Thursday | 16
Candy Land Comes to Life
The staff at the Heights Libraries has pulled out all the stops for tonight's special kids' program: A live-action version of Candy Land, complete with candy canes, a gingerbread house, and a colorful path winding across a life-sized game board. Brave gingerbread girls and boys will get the chance to follow game-character guides through the Peppermint Forest on their quest for Kandy Castle. When they arrive at the gates, they'll be rewarded with light refreshments and a photo op with King Kandy. "It's going to make for a truly fun, magical evening for the kids," promises youth services librarian Susan Black. It's all happening from 7 to 8:30 p.m. at the Lee Road branch. It's free, but parents must accompany their children. Find out more by phone or at the website below. — Cicora
2345 Lee Rd., Cleveland Heights,
Friday | 17
At the Akron Art Museum ...
A Gypsy Fiddler Lights the FUZE
When avant-garde artists Iva Bittova and the Calder Quartet performed last year at the Cleveland Museum of Art, audiences and critics tossed around terms like "outstanding," "stunning," and "tour de force." The praise was well deserved. Building on a base of Eastern European folksongs, fiddler and vocalist Bittova borrows from classical and jazz traditions to create a unique and often breathtaking style of improvisation. She meets her match in the L.A.-based Calder Quartet, whose members have zoomed right past Mozart and Ravel to collaborations with Vampire Weekend. If you missed last year's performance, tonight you're in luck. The Akron Art Museum welcomes Bittova and the Calders in concert, where they'll perform works by Béla Bartók and Leoš Janácek inspired by Moravian poetry, as well as an improv-friendly piece by Fred Firth that the composer dedicated to Bittova and named after her hometown of Lelekovice. Through it all, expect Bittova to dominate with her raw talent and quirky charisma. Doors open at 6, and the concert begins at 6:30 p.m. Afterward, stick around for a cash-bar reception in the museum lobby. Tonight's concert is part of the Akron Art Museum's annual FUZE series that highlights cutting-edge performances by world-class musicians. General admission is $30 by phone or online. — Cicora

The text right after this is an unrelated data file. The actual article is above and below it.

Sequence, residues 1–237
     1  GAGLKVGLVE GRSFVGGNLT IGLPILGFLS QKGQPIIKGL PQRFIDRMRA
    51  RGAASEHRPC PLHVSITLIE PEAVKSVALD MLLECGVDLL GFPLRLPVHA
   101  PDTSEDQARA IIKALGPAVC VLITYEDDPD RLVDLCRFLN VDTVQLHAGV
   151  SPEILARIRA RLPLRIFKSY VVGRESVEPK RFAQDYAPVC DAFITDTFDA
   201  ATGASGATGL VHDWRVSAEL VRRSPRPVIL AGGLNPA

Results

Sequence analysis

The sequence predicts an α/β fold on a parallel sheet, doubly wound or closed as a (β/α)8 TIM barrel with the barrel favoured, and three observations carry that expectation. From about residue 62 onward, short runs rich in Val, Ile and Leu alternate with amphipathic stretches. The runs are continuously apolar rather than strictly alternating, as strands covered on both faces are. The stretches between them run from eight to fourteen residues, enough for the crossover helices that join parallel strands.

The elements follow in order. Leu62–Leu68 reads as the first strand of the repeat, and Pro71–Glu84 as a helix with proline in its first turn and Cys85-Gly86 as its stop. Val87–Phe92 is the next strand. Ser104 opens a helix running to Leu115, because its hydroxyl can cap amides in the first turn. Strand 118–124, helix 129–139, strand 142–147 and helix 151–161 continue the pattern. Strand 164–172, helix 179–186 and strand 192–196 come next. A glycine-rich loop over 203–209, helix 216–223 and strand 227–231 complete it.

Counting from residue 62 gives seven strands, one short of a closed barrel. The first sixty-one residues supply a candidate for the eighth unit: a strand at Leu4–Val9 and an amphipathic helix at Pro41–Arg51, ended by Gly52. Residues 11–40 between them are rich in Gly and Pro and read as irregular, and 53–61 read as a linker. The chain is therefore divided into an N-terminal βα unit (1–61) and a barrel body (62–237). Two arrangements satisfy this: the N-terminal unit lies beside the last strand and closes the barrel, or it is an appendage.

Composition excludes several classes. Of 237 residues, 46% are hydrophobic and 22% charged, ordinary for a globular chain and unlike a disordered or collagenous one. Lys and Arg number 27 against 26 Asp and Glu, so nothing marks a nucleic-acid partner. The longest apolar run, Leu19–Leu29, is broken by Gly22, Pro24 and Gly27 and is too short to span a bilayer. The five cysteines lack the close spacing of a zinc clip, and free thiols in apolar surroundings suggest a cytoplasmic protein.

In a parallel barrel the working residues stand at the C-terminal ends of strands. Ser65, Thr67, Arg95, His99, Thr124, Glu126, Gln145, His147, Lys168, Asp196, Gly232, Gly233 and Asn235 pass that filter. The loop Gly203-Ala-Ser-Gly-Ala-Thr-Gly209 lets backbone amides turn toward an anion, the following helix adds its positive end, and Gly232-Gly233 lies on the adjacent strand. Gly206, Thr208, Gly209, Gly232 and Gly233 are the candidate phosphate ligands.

1 South High St., Akron, 330-761-3460, akronartmuseum.org.
A Lean, Clean Comic Machine
When comedian Jim Breuer says his show has something for everyone, he's not kidding. Then again, he is — since Something for Everyone is the working title of his upcoming comedy special. It's also the theme for his weekend performances at Hilarities — what he calls a clean, no-cussing, family-friendly routine fit for multiple generations. "Just consider me a modern-day Cosby in a Metallica T-shirt," says Breuer, a devoted family guy — and heavy metal fan — who first got his groove on during a four-year run on Saturday Night Live. (You may remember him as the 1990s' Goat Boy.) Since then, Breuer has distinguished himself by mining his relationship with his elderly, dementia-stricken father and three young daughters for laughs. "Part of it is painful," he admits. "But I have to find the humor in it. And that's the reason I started moving my show into a family direction. I looked at Cosby, Seinfeld, and Brian Regan — they are all so funny! — and realized there was just no reason to curse." All of which, he hastens to add, doesn't mean his routines don't kill: "I'm in crushing mode right now," he promises. "I'm ready to kick some butt!" Breuer performs four shows tonight and tomorrow at Hilarities. Tonight's curtains are at 7:30 and 10:15 p.m. Tickets are $20 to $28 by phone, online, or at the box office. Check out the website for details. — Elaine T. Cicora